Nepal - A frail heritage

EPISODE 1 | The earthquake of 2015

The Nepal earthquake in April 2015 was not unexpected, however the prevention measures were not enough to avoid the catastrophe. Due to weaker infrastructures, the people and construction in the old districts have suffered the most; thus military, police force, and Nepali citizen have come together to rebuild their streets and monuments. With support from the Gerda Henkel Foundation, the Harishankara Temple in Patan has been under reconstruction since June 2015. International aid is helping the rebuilding of the country, but with provisional support measures in place, life goes must go on. Maintaining the traditional architecture while also building a stronger structure to withhold future earthquakes is the goal and struggle of this project.

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Two severe earthquakes hit Nepal on 25 April and 12 May 2015. Thousands of people lost their lives. Apart from the humanitarian disaster, the earthquakes also had a devastating impact on human cultural heritage. Numerous buildings of historical importance in Nepal were partly or completely destroyed, and a great many houses and temples collapsed and cannot be rebuilt. Since 1979 the architectural legacy of Kathmandu Valley has been a UNESCO World Cultural Heritage Site and even before the most recent earthquakes was greatly endangered by the population explosion, environmental problems, climate change, fires, and earlier earthquakes. From 2003 to 2007 Kathmandu Valley was on the List of World Heritage in Danger.

Immediately after the earthquake on 25 April 2015 the German Federal Foreign Office and Gerda Henkel Foundation decided to pool their resources to preserve and restore the cultural heritage of Nepal. The initiative aims to supplement humanitarian aid with measures that strengthen the country’s cultural identity. There is a very strong connection between the population and cultural heritage in Nepal; in many villages individual families tend to the local temple and integrate the temple’s gods into their everyday lives. There is a tradition of good relations between Nepal and Germany as regards cultural preservation. In the 1970s German architects, engineers, scientists and conservationists were the first members of a foreign state to begin restoring the cultural monuments damaged by the severe earthquake in 1934. In subsequent years, a great many projects were initiated. For example, in keeping with the promise German Chancellor Helmut Kohl made during a state visit in 1987, a temple lost in Bhaktapur in 1934 was reconstructed. It survived the quake of 2015 undamaged.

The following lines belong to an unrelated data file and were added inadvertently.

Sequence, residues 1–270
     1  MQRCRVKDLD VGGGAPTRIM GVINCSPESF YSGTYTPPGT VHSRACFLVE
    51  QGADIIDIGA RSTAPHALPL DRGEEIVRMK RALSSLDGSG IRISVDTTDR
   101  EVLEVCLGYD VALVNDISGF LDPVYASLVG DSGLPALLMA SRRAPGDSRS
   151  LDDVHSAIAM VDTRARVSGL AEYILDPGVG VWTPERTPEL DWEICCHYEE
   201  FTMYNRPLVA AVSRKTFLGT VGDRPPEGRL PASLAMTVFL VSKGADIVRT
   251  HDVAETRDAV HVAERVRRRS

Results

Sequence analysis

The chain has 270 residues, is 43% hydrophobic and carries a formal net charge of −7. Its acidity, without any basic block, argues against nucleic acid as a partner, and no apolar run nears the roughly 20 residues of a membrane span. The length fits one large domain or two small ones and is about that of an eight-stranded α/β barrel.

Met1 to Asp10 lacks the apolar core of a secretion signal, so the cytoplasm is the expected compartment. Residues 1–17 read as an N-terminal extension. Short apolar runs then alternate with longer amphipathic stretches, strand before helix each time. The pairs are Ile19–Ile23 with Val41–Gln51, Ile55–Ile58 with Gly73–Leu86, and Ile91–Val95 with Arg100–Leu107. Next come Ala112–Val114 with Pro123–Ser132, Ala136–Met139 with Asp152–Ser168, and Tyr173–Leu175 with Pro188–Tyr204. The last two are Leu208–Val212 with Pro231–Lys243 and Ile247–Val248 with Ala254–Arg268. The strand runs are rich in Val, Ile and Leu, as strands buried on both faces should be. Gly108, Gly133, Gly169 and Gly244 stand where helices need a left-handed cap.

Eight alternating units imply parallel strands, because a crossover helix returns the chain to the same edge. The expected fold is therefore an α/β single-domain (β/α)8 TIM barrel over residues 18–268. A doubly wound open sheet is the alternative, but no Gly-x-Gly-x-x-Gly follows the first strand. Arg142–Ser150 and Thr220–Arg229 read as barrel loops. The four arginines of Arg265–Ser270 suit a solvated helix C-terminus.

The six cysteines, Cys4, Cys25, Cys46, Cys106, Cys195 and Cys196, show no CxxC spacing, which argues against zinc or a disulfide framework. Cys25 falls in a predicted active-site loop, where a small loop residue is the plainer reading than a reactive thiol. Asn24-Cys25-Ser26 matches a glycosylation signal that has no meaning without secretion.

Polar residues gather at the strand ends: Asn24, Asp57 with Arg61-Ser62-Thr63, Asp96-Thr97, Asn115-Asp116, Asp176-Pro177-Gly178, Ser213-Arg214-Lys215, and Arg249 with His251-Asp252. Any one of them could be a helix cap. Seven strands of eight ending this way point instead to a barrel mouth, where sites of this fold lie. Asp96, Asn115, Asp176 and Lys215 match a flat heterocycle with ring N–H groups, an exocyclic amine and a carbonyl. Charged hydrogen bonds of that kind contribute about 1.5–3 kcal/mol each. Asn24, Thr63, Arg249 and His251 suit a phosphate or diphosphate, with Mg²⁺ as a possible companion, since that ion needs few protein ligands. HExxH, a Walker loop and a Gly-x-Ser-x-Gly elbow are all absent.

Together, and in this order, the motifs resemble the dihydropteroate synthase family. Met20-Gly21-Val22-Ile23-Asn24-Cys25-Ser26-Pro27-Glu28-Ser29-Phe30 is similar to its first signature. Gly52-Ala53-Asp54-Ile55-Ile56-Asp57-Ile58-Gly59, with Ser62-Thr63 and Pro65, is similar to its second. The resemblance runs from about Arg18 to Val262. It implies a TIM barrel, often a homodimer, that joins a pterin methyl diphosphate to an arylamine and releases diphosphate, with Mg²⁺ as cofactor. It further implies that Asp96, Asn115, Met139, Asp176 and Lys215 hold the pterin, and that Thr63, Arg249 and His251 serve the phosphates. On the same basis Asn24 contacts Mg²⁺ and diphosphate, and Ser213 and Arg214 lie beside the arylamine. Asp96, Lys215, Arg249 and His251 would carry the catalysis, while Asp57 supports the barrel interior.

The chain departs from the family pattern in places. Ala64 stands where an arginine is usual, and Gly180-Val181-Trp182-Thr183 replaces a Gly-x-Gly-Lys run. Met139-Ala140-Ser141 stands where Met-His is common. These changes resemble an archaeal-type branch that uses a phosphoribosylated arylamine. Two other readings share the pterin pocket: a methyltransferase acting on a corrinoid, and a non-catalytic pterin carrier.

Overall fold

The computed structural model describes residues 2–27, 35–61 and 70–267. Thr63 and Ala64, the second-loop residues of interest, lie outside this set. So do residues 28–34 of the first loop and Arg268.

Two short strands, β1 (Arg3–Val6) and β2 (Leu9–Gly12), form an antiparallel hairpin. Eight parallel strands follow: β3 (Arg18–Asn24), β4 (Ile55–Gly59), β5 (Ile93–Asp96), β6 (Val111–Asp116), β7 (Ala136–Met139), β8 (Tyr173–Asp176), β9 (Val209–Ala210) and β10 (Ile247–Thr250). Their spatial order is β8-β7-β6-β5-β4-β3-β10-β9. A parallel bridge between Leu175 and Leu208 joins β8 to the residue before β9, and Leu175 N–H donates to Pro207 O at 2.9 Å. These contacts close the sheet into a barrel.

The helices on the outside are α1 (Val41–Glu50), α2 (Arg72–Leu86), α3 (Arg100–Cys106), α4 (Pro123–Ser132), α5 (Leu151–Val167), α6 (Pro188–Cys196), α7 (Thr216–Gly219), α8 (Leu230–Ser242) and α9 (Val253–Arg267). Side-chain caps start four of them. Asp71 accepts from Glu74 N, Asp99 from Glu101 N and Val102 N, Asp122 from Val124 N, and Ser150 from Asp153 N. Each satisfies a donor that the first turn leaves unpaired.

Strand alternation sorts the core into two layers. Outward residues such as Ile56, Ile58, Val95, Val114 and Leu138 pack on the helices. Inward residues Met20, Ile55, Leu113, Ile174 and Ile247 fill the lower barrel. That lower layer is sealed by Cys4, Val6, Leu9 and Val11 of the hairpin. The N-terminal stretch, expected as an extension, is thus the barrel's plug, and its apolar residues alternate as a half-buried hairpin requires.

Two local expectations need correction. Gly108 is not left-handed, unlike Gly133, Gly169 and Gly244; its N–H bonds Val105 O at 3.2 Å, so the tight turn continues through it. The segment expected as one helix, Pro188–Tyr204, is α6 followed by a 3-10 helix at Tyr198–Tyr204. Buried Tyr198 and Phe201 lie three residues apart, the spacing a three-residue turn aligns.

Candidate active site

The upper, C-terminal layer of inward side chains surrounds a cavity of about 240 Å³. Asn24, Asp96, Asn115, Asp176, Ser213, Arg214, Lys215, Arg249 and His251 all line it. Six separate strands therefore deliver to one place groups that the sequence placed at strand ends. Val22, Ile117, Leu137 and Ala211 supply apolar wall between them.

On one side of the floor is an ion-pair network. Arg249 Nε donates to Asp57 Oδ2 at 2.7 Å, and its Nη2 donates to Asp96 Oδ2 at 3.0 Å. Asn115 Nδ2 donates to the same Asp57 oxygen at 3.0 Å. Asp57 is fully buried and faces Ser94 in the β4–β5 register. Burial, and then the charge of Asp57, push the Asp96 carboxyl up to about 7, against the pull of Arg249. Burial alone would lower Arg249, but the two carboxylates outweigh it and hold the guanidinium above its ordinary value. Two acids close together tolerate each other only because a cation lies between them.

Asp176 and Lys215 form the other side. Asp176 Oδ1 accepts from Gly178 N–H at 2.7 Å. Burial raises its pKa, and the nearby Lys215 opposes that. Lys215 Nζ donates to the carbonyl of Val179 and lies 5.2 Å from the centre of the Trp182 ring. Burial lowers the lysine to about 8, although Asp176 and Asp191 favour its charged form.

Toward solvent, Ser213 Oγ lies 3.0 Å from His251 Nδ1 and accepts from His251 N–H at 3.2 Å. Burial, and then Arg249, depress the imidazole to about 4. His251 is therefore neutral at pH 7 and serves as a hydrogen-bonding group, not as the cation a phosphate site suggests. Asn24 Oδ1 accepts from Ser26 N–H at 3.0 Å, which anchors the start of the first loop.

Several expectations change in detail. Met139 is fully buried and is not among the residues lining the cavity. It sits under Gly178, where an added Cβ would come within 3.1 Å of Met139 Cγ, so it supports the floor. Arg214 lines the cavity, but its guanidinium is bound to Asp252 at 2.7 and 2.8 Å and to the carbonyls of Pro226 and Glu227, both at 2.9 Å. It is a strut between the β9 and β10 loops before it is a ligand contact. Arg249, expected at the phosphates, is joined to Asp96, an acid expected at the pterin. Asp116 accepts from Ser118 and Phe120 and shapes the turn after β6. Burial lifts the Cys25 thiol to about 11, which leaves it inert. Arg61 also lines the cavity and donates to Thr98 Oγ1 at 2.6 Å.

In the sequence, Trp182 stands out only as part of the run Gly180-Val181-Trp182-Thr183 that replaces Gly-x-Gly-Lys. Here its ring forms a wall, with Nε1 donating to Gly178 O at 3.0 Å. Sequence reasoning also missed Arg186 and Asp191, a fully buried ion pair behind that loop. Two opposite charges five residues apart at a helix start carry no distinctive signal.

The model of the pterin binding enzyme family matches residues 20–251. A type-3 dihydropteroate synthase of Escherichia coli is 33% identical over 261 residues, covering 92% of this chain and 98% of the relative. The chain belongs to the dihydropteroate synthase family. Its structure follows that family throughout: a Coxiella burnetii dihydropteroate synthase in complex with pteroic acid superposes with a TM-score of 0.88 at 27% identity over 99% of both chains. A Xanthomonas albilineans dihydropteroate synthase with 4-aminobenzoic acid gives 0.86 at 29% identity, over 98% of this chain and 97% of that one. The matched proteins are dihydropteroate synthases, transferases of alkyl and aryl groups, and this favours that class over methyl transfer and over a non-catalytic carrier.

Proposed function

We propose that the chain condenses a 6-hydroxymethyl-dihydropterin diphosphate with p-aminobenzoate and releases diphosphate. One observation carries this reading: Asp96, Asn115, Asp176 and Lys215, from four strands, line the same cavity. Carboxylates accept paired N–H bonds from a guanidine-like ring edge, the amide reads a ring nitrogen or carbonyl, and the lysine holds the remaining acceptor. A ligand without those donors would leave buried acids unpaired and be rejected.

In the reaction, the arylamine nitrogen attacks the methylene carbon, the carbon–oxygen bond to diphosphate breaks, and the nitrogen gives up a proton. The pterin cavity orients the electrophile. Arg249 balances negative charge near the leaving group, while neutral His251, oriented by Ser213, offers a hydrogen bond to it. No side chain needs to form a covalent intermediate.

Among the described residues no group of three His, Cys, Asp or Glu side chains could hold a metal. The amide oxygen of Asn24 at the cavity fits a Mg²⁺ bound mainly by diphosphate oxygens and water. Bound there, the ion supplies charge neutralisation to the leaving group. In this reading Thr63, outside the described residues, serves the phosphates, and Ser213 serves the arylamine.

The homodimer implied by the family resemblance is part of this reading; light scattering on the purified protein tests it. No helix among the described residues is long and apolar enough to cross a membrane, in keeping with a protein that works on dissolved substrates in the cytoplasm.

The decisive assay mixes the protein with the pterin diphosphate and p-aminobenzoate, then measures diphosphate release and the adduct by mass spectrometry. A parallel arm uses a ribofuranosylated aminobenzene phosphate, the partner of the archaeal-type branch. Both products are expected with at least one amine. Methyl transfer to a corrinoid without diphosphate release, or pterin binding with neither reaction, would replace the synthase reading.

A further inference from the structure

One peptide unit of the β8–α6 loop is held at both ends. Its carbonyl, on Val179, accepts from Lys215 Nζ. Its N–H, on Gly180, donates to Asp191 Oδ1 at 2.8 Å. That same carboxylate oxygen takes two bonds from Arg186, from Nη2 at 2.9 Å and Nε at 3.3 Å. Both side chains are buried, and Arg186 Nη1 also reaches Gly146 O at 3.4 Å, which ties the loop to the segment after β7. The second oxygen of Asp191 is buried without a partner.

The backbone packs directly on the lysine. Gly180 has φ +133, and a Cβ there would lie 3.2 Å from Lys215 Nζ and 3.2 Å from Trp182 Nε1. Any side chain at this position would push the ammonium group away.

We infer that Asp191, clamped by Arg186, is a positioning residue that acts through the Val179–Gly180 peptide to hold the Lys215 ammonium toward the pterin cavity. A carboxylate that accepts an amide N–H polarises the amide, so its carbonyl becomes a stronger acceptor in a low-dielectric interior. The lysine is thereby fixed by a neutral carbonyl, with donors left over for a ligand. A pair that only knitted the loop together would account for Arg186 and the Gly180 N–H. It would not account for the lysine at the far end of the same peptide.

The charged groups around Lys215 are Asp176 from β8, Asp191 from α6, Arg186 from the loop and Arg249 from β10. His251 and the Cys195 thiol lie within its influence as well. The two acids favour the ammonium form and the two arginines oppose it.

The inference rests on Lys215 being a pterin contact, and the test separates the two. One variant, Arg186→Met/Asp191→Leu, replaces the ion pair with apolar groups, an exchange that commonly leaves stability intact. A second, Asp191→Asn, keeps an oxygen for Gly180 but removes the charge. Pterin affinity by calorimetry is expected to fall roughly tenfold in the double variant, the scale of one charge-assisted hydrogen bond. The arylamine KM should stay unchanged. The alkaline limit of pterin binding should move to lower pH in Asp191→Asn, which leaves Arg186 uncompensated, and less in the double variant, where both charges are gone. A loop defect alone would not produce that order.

It is also thanks to this long and excellent collaboration that Nepal has a pool of well-trained and highly talented workers and many other specialists available for reconstruction and restoration projects. Accordingly, all the projects are developed in close dialogue with partners in Nepal and largely realized by local experts. Given the sheer extent of the work, there is a focus on training additional craft workers, specialists and academics. Aside from the efforts made to provide an income for many people in Nepal by employing them in cultural preservation projects in the medium term, the partners would also like to help restore the tourism sector, which is so vitally important for the country’s economy.

Project leadership:

Prof. Dr.-Ing. Niels Gutschow



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